Dixons’ review gave impetus to Wilson Bryan Key who had laid claims to subliminal perception that led to a wave of fear particularly by Vance Packard, a social reviewer, who cautioned the creation of advertisements by advertisers using psychoanalysts. Key worked further following upon this social critic. This fear exists to the present day.
In subsequent years, the research on subliminal perception took a turn with the acceptance of the fact of unconscious information processing of the human mind besides the conscious information processing. The unconscious information processing differs from the conscious in some respects at the level of cognition (thoughts) and affects (feelings).
We see a figure against the backdrop of a scene that we are watching. At any point of time we observe only one interpretation. This has been established with the use of different perceptual illusions, for instance, reversible figures. The scene is then brought to the level of consciousness. The stimuli are grouped by the mind into outlines in line with how we interpret the scene as established in psychology.
Experiments in subliminal perceptions initially indicated that we see patterns and figures in the ground though we may not have observed these patterns. The processing of conscious and unconscious thoughts is different. This is because the level of patterning of figure-ground organization that is required in conscious processing of features in perception is not required in the unconscious or preconscious processing.
The unconscious or preconscious processing is carried out by connecting resemblances of features instead of interpreting the meaning that we might observe in the background image that we attribute it with. Psychoanalysts interpret this as the ‘primary process’ of the ‘unconscious mind’.
Unnoticed words or images then go through limited semantic and lexical analysis activating temporary motivational states or influencing preference in unclear decisions which then become visible as associated images in free association or dreams. This reasoning is behind the claim that advertisers are likely to implant pictures in ad for influencing the viewers. The important issue is to what extent this is possible and with what impact.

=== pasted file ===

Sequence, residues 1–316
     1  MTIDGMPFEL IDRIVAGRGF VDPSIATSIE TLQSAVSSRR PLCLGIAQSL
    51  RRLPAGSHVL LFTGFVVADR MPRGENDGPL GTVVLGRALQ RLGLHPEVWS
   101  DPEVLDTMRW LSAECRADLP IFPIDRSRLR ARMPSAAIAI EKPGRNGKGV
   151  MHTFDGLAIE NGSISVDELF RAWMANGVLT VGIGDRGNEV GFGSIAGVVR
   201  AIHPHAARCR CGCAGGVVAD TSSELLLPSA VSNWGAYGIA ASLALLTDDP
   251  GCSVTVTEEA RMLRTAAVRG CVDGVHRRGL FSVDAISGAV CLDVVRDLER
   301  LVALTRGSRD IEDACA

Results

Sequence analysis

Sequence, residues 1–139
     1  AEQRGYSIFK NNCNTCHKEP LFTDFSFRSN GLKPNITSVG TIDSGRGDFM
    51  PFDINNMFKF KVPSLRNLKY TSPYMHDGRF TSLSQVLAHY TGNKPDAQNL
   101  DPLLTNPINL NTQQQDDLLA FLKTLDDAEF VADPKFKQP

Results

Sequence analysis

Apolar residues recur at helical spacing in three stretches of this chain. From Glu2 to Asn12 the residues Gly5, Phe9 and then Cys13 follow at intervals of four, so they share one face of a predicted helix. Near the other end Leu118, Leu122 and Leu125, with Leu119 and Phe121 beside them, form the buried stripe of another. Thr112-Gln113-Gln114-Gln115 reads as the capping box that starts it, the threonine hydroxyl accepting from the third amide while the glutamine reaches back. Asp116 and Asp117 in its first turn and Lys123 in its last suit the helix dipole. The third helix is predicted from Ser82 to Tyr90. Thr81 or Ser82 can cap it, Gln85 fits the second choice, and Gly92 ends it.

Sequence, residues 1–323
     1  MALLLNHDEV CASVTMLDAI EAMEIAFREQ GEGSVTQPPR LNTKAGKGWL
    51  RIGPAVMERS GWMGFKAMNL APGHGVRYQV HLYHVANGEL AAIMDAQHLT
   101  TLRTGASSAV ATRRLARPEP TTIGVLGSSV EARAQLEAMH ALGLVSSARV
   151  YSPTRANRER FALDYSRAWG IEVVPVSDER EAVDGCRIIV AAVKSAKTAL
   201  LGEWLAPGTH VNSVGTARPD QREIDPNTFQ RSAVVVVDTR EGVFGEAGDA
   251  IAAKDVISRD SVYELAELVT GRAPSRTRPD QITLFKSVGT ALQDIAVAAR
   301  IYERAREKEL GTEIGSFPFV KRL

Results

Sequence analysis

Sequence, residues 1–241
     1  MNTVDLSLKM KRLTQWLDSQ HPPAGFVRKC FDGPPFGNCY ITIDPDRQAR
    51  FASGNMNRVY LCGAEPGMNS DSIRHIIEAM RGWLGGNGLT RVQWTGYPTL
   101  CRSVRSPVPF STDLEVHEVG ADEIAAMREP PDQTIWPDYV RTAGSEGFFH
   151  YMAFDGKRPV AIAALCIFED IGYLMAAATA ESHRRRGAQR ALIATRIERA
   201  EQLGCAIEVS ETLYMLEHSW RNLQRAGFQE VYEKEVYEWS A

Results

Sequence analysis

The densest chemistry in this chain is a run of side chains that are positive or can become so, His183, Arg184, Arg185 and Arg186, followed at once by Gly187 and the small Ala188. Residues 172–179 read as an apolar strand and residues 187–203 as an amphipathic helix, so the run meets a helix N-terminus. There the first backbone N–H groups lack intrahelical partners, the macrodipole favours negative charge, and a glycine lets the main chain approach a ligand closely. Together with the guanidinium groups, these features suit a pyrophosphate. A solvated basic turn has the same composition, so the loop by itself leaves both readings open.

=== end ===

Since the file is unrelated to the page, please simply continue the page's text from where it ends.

The New Look movement emerged in the 1970s based on the efforts of Jerome Bruner amongst others during the 1940s and 1950s in the studies related to the effect of values and needs on perception. This movement provided the basis for a revival of interest on the topic.
Marcel’s string of experiments on subliminal perception in cognitive science was perhaps the most significant. Marcel used demonstrated semantic priming with the use of pattern masking. The methodology deployed in these studies was subsequently improved with the criticism of Marcel’s studies. This later led to the critics’ acknowledgement of subliminal perception as a distinct reality.
However skepticism abounds with the allegation that advertisers sold subliminal audiotapes which could not be substantiated. There have also been the ridiculous allegations that there is a global plot to conceal the positive research data on these.
But the possible influence of unheard or unseen messages can also not be out rightly discounted. Though this may sound cynical, yet this is not sufficient reason not to continue building upon the present studies.